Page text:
A family sits by their loved one in the last hours of his life, supporting him in his time of need. He has resided in a long-term care facility for the past two years. As his organs slowly shut down, his body succumbs to immense pain. He is sweaty, his brow is furrowed, and each time he is touched to be cared for he moans. The morphine doses prescribed to handle his pain are no longer effective.
In order to provide this patient with the best care possible, his nurse tries to contact the physician. It is the weekend and the nurse is only able to page the on-call doctor. She anxiously awaits a return phone call, while explaining this situation to his distressed family. The pain appears to be increasing. Twenty minutes later the physician calls her, and issues orders to increase the morphine doses. The nurse then contacts the pharmacy answering service and waits for the on-call pharmacist to return a call. In twenty more minutes the on-call pharmacist responds and informs the nurse that he needs to directly speak with the physician before she can legally give the medication and that he will contact her after this has occurred. In the interim, the patient dies in immense pain and the family is distraught that his last hour was spent in agony.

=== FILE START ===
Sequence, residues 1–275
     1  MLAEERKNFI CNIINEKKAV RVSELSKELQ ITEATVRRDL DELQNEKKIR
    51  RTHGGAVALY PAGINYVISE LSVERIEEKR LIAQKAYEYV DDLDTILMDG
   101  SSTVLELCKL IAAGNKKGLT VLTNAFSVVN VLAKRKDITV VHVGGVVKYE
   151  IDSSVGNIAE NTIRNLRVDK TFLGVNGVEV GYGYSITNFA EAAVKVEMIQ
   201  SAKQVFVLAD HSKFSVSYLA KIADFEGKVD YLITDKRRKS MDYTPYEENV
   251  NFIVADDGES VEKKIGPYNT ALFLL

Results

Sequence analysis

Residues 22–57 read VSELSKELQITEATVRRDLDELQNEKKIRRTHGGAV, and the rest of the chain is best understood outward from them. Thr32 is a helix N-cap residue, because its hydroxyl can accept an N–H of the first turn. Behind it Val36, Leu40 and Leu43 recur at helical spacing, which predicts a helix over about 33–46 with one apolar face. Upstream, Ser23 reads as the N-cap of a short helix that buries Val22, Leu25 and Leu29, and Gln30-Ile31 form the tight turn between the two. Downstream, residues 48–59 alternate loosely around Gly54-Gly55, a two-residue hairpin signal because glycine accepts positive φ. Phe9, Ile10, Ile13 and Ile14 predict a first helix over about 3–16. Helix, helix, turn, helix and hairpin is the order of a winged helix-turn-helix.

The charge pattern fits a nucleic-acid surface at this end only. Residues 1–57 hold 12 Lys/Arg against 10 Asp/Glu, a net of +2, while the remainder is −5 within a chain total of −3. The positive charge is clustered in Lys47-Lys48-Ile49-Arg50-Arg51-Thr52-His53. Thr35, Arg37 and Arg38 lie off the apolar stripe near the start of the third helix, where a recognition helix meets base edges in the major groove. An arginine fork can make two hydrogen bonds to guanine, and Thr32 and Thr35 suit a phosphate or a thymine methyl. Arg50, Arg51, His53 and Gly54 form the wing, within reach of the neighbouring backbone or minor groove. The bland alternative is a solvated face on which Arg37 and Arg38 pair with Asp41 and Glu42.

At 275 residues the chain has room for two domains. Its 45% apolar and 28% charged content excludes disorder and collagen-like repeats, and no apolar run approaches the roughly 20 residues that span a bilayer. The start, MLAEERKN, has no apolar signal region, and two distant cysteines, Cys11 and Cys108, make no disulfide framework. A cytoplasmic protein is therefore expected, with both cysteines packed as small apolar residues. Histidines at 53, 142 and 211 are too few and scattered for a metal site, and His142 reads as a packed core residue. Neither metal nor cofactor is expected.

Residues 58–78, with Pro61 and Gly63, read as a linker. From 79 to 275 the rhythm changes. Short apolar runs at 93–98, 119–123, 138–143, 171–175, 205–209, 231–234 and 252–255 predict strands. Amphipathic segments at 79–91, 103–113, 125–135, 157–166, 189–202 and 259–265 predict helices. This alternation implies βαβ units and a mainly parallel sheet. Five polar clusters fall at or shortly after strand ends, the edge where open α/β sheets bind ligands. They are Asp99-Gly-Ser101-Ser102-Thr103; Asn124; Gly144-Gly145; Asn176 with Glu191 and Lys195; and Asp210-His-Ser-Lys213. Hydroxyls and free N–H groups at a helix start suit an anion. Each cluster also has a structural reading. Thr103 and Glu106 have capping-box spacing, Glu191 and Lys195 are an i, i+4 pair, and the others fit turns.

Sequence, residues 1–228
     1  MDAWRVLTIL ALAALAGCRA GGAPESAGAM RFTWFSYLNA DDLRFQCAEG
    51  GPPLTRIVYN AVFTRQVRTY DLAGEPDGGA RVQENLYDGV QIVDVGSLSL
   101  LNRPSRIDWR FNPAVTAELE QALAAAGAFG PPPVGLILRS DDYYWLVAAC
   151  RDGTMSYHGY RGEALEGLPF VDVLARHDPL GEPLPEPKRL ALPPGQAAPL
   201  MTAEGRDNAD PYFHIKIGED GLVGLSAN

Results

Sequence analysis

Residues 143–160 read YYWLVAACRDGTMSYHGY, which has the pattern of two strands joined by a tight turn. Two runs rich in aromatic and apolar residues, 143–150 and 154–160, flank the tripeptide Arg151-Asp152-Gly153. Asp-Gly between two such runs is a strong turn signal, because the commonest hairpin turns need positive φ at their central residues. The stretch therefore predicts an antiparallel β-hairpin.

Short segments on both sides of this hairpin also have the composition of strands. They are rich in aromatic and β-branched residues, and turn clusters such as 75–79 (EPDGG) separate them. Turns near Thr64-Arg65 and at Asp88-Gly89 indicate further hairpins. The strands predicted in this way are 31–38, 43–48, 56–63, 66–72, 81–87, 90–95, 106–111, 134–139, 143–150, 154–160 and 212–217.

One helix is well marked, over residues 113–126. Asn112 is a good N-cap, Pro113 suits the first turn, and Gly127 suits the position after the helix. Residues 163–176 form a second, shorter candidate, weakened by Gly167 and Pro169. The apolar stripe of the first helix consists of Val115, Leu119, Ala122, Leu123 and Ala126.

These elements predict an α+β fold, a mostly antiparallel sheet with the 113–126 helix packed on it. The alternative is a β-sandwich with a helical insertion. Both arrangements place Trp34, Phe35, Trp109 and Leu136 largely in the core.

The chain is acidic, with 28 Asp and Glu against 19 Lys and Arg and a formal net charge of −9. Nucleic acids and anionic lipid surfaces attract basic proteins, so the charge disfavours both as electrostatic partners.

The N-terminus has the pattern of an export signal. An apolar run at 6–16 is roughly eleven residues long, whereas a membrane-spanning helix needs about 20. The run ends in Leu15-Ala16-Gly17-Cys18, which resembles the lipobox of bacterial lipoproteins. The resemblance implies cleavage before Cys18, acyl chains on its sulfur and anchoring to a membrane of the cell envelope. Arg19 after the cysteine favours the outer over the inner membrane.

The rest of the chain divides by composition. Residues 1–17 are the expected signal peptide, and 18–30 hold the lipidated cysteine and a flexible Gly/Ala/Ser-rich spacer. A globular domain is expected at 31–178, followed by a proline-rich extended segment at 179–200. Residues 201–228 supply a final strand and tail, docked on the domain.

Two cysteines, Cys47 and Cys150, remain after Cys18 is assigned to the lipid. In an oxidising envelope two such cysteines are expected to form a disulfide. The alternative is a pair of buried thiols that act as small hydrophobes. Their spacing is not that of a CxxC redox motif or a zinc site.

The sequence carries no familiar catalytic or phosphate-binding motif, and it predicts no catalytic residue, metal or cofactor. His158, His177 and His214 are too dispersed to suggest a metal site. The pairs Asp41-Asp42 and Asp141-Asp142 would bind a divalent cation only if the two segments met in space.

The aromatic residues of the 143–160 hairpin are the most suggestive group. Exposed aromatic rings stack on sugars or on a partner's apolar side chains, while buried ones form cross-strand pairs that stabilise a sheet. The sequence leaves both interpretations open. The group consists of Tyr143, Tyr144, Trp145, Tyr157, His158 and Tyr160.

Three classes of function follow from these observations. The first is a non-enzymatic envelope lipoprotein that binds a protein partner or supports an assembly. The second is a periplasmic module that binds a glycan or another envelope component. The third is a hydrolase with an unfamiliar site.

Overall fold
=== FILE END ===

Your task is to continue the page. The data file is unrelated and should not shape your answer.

This situation is playing out time and time again in long-term care facilities all over the United States as a result of regulation DEA-337N that was reinterpreted by the Drug Enforcement Agency (DEA) in January, 2010. The regulation states that a nurse has to be an agent of the prescribing physician to call in a narcotics prescription to a pharmacy (U.S. Department of Justice, 2010). In theory, this new regulation makes sense to prevent illegal acquisition of narcotics, but it is potentially causing long-term care patients to suffer in pain while they wait for their prescriptions to be verified.
The problem arises in the terminology used for the regulation. In order to be an agent of the physician, a legally binding relationship must be present between the physician and the nurse (Department of Justice, 2010). In legal terms, this means that the physician must pay the nurse. Long-term care facilities employ the nurses that work there. They are not employed by the physicians that practice in the long-term care setting. For the DEA to act as though there is no legally binding relationship between physicians and long-term care nurses is not entirely accurate. Nurses are legally accountable for communicating changes in patient condition to the physician, and for carrying out physician orders within their scope of practice (Nursing's social policy, 2010). Nurses can be sued for neglect or malpractice if harm comes to a patient because they did not honor this relationship (Nursing's social policy, 2010).
Any nurse working in a doctor’s office may take a verbal order from the doctor and call in any narcotic prescription into any pharmacy that the patient desires and the prescription will be honored as a...